Bundy's videos rely on footage shot by a local rancher who was making the exact opposite point about federal burn practices. Rolly explains:
"The video was misleading, since news stories and subsequent BLM reports of the 2012 blaze show it was lightning-caused, fueled by heavy dry underbrush and desperately fought by federal, state and area firefighters.
"Here's the rest of the story: It was a rip-off of a heavily edited propaganda video produced in December by Ammon Bundy."
"Research by Michael Heggen, a Salem, Ore., horse breeder, discloses that an original video was shot by an area rancher named John Witzel, who was armchair-quarterbacking the BLM's battle against the blaze. While Witzel criticized the agency for not acting quickly enough, he didn't accuse the BLM of "burning out ranchers" — as claimed in Bundy's edited version.
""What you see in the video,' Heggen writes, "are firefighting efforts — including the use of backfiring, which involves intentionally burning land ahead of a wildfire in order to create a black line devoid of fuel for the wildfire — not thuggery by the yellow-clad stormtroopers of the tyrannical BLM.'"
So, there's that.
The Malheur mess drags on… As of this writing, only four lone holdouts are still barricaded inside the refuge, despite repeated pleas from Ammon Bundy to give themselves up. Bundy himself is in jail facing a raft of federal charges, along with more than a dozen of his cohorts, having provided prosecutors with ample evidence of their crimes through their own social media as well as the mainstream press. He and most of the others are considered flight risks and have been denied bail, at least until the refuge is cleared.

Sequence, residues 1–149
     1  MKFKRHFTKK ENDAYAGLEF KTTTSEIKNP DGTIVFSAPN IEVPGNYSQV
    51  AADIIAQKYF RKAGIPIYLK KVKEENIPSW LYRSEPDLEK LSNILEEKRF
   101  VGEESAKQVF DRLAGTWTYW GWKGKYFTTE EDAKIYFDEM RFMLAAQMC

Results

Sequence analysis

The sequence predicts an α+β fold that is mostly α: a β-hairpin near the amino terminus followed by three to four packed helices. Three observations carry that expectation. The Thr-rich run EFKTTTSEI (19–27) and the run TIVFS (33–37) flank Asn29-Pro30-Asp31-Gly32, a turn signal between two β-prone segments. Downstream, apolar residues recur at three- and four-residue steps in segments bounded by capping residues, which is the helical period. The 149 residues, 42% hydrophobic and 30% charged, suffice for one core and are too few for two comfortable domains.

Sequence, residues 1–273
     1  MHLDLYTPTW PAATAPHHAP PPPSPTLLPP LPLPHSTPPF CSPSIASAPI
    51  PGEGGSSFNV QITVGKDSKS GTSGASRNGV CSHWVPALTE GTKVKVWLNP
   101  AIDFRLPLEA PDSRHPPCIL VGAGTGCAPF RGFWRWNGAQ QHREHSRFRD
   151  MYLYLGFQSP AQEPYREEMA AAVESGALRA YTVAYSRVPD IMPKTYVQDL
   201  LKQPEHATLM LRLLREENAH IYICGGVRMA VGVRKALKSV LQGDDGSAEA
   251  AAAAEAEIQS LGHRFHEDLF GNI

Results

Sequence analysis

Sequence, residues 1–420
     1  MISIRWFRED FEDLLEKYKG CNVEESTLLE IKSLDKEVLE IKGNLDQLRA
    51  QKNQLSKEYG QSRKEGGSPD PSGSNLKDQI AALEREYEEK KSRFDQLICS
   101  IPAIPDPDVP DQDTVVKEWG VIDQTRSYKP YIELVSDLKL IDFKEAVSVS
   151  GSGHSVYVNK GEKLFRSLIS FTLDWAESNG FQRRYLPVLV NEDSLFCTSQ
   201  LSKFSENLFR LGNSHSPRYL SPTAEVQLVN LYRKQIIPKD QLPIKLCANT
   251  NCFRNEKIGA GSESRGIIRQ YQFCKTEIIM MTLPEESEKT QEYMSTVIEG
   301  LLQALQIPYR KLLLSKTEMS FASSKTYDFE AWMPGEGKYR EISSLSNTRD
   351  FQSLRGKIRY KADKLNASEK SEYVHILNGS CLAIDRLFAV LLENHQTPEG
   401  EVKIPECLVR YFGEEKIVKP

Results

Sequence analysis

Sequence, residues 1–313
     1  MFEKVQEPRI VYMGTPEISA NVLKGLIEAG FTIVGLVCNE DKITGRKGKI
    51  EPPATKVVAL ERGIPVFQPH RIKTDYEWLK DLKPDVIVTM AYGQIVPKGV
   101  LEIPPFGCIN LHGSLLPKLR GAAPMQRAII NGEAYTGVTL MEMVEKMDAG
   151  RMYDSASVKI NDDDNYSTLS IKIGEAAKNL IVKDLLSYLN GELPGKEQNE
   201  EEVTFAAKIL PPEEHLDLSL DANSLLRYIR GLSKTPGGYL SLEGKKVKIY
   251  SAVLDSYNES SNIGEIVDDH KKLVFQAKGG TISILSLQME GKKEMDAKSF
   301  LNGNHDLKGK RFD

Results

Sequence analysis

Earlier this week Bundy issued a somewhat pathetic video plea from jail for "any elected representative" from eight Western states to come and visit or speak out in support of the group. But so far the only out-of-stater planning to stop by is Nevada state Rep. (and gun enthusiast) Michele Fiore. Fiore, though, has made it clear that her visit was planned before Bundy released his plea.
So, why the radio silence?
TriplePundit has followed the whole Malheur mess from the beginning, and one of the first things we noted was that under Bundy's blundering leadership, the Malheur "occupation" was disavowed by other affiliates and sympathizers of the so-called armed "patriot" network in addition to alienating every local stakeholder group.
Bundy has also been abandoned by the same elected officials who once supported his father, with Fiore being one of the few outliers. In this context, Ivory's Facebook video appears to be designed to leverage Bundy in support of the broader goal of federal land privatization.
We're thinking that nobody else has come forward because Bundy's ham-handed land grab stirred up a hornet's nest, shining an unwanted spotlight on the legislators supported by ALEC and the Koch brothers to advance the privatization cause.
On the other hand, Bundy's criminal actions seem to have galvanized conservationists. Hundreds of volunteers signed up to come and clean up the mess at the Malheur refuge once the coast is clear, and hundreds of others have pledged financial assistance through the G.O.H.O.M.E. campaign.